David Bowie was burned out by the time his Ziggy Stardust tour hit London’s Hammersmith Odeon on July 3rd, 1973. He’d been touring for a solid year with practically no breaks. During that time he went from the half-forgotten guy who sang “Space Oddity” to an international superstar. His Ziggy Stardust character was a glam rock icon, and teenagers all across the world had his poster on their walls. Bowie’s manager, Tony DeFries, saw no reason to stop. He had plans to take Ziggy all over the globe in 1974, but Bowie had other plans.
With D.A. Pennebaker’s cameras rolling, Bowie announced to the crowd that the tour was over. “This show will stay the longest in our memories,” he told the crowd before the final encore of “Rock and Roll Suicide.” “Not just because it is the end of the tour, but because it is the last show we’ll ever do.”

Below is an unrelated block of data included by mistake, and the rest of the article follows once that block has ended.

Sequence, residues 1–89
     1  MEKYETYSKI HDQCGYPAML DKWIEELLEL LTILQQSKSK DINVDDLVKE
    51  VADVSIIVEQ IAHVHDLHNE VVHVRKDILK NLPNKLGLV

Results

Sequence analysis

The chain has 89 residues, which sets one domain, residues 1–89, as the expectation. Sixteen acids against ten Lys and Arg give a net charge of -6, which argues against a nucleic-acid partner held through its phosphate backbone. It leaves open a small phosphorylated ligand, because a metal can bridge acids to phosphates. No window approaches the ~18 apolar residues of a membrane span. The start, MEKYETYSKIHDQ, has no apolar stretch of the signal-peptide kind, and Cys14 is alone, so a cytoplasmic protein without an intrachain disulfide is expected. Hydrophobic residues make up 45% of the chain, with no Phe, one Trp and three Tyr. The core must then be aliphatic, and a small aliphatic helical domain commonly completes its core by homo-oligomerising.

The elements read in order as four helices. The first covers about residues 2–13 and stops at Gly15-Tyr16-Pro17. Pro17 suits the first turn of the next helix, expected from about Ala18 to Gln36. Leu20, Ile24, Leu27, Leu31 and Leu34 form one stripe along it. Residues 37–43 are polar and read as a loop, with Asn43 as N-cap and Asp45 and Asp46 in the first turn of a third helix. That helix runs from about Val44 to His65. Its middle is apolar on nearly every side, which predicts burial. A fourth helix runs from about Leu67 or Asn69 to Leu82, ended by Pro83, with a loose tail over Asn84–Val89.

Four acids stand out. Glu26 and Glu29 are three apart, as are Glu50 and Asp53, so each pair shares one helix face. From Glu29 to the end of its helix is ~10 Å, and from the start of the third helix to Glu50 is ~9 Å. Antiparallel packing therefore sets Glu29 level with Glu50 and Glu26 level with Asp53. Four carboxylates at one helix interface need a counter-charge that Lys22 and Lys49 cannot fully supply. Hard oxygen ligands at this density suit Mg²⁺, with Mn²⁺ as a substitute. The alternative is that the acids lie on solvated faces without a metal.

This sent the crowd into absolute hysterics, and it was front-page news all over England the following day. Everyone interpreted the statement to mean that Bowie was retiring. He merely meant it was his final show as Ziggy Stardust, and his final time playing with the Spiders from Mars. He stuck to his word: the following June he hit the road to support Diamond Dogs with a brand new band.
David Bowie effectively retired after a heart attack prematurely ended his 2004 tour, but this time around he hasn’t said a word about the matter.